Even though they’re technically little cakes, these perfectly spongy madeleines would be a delightful addition to your holiday cookie tray.
Well, I hadn’t planned on sharing another madeleine recipe so soon after the last one but these turned out so well I decided, why not? And it’s the holidays, after all–the vegetable recipe that was originally in the pipeline can wait.
I prepared a batch of these chocolate madeleines from the blog archives early last week, and as an afterthought, decided to whip up another with matcha powder. Not feeling like searching for a green tea madeleine recipe I simply made adjustments to the original chocolate recipe by Pierre Hermé.
After an overnight rest of the batter in the refrigerator I couldn’t believe how much more pronounced the humps were on the little green cakes. Even better, they were crispy on the outside and spongy inside with the most delightful matcha flavor.
I shared my best madeleine baking tips on this recent post but I’ve figured out another key to ensure the tallest humps.
Besides the overnight rest of the batter, do not rotate the pan while they bake. Over the years I’d gotten in the habit of rotating pans halfway through the baking time and it turns out I’d been inhibiting optimum rise. Opening the oven door at the halfway mark wasn’t very good for the relatively short baking time.
As happy as I’ve been with my madeleines in the past, this little discovery made all the difference. The silly thing is, I don’t include this step in my instructions here–just something I’ve been doing without thinking of it.
I was so pleased with these matcha madeleines that I baked another three batches later in the week for the eighth annual cookie swap/holiday lunch I’ve been celebrating with some of my favorite food blogger friends.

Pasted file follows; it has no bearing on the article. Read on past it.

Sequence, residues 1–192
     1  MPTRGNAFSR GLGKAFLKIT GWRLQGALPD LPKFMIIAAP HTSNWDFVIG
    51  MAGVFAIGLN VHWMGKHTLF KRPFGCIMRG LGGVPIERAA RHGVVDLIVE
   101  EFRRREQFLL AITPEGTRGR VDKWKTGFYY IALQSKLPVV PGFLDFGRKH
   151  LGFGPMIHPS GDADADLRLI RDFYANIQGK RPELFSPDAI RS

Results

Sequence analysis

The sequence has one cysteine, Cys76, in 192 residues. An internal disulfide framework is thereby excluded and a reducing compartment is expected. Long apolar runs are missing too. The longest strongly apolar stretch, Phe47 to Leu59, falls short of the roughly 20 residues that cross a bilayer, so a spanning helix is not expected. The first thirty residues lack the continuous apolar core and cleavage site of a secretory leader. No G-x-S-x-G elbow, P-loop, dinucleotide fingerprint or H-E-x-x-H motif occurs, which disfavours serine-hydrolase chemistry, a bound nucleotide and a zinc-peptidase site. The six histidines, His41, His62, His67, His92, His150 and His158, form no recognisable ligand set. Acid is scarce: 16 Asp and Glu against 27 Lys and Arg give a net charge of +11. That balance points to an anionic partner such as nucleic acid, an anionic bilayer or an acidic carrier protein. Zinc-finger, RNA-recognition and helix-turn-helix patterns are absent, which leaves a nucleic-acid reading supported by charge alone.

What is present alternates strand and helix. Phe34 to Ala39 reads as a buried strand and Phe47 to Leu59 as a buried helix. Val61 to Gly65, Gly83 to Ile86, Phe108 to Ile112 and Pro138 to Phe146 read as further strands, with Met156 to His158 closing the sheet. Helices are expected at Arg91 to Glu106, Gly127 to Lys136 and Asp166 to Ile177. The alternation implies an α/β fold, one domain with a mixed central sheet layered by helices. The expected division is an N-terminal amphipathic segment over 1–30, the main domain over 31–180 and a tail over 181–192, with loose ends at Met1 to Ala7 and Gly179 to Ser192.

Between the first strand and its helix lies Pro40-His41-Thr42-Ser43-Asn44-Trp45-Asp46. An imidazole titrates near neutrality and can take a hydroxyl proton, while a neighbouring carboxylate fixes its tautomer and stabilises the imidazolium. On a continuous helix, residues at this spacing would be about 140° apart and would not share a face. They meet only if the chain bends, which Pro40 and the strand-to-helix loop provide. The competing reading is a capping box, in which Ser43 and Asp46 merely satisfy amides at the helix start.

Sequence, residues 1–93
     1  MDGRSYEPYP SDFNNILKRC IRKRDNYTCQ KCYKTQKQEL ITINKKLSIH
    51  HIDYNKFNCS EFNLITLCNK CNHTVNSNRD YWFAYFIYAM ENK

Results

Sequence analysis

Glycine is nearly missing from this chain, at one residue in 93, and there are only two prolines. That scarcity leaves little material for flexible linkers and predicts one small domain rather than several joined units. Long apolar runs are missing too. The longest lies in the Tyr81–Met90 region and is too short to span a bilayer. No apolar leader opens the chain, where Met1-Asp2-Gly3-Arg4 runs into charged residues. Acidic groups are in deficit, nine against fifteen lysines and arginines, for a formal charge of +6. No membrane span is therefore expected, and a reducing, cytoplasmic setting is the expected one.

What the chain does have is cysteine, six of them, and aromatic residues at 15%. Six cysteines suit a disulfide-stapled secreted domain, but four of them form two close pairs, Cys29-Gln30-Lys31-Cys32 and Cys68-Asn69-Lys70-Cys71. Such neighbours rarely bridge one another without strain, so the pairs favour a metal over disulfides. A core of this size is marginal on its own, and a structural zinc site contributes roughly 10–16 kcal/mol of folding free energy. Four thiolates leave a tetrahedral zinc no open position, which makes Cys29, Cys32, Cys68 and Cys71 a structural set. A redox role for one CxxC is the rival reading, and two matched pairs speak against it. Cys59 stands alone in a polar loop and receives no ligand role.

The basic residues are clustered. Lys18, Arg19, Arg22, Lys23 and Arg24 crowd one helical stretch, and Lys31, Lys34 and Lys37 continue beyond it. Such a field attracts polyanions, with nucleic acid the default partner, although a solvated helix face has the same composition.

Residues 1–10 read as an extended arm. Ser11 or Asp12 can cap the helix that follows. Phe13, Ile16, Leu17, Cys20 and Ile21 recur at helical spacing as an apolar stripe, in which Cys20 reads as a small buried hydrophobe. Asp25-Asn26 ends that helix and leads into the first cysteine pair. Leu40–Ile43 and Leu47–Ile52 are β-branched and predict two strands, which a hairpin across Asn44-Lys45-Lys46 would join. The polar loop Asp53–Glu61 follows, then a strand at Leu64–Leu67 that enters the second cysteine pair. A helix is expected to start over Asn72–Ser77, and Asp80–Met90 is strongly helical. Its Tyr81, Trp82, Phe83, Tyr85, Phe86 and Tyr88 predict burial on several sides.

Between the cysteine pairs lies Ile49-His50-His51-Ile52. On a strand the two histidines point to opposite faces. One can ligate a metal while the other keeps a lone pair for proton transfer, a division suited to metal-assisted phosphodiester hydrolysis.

So they’re technically not a cookie…I suspect my friends didn’t mind one bit that they received these little cakes and that instead of something green by way of a vegetable I’m sharing this with you today.
Matcha (Green Tea) Madeleines
Even though they’re technically little cakes, these perfectly spongy matcha green tea madeleines would be a delightful addition to your holiday cookie tray. For the coveted bump, an overnight rest of the batter in the refrigerator is best.
- 90 grams all-purpose flour (1/2 cup + 1 tablespoon)
- 1/2 teaspoon baking powder
- 100 grams granulated sugar (1/3 cup + 2 tablespoons)
- 2 large eggs, room temperature
- Pinch kosher salt
- 5 grams matcha powder (about 2 teaspoons)
- 100 grams unsalted butter; room temperature (6 1/2 tablespoons)
Sift together the flour and baking powder into a bowl and set aside. (See Note)
In another bowl, combine the eggs and sugar and sift in the matcha powder. Using a whisk, beat the mixture until well blended–you want as little matcha clumps as possible. Squish the butter through your fingers (or mash around with a rubber spatula) before adding to the egg mixture. Beat in the butter with a whisk until evenly distributed. This will take about 2 minutes and you might end up with very small clumps of butter and this is okay. Whisk in the flour/baking powder until they have been incorporated and the mixture is smooth. Scrape the sides of the bowl and smooth the batter. Press a piece of plastic wrap against the surface of the batter and chill overnight. If you can’t wait, you can chill for one to three hours but your bumps won’t be as pronounced.
When you are ready to bake the madeleines preheat your oven to 425ºF. Butter a 12-mold madeleine pan then dust it with flour (even if you are using a nonstick pan), tapping out the excess.
Spoon the batter onto the molds–you don’t have to worry about spreading the batter to cover the molds, the heat will do this. Place the pan in the oven and immediately reduce the heat to 350ºF. Bake the cookies for 13 minutes or until the cakes are domed and spring back when pressed gently. Check at the 11-minute mark. Unmold the cookies and cool them for a few minutes before serving. These will keep for a few days in an airtight container.
6/13/22: To ensure minimal matcha clumps, I suggest sifting the matcha powder with the flour, baking powder and salt instead of sifting into the egg and sugar.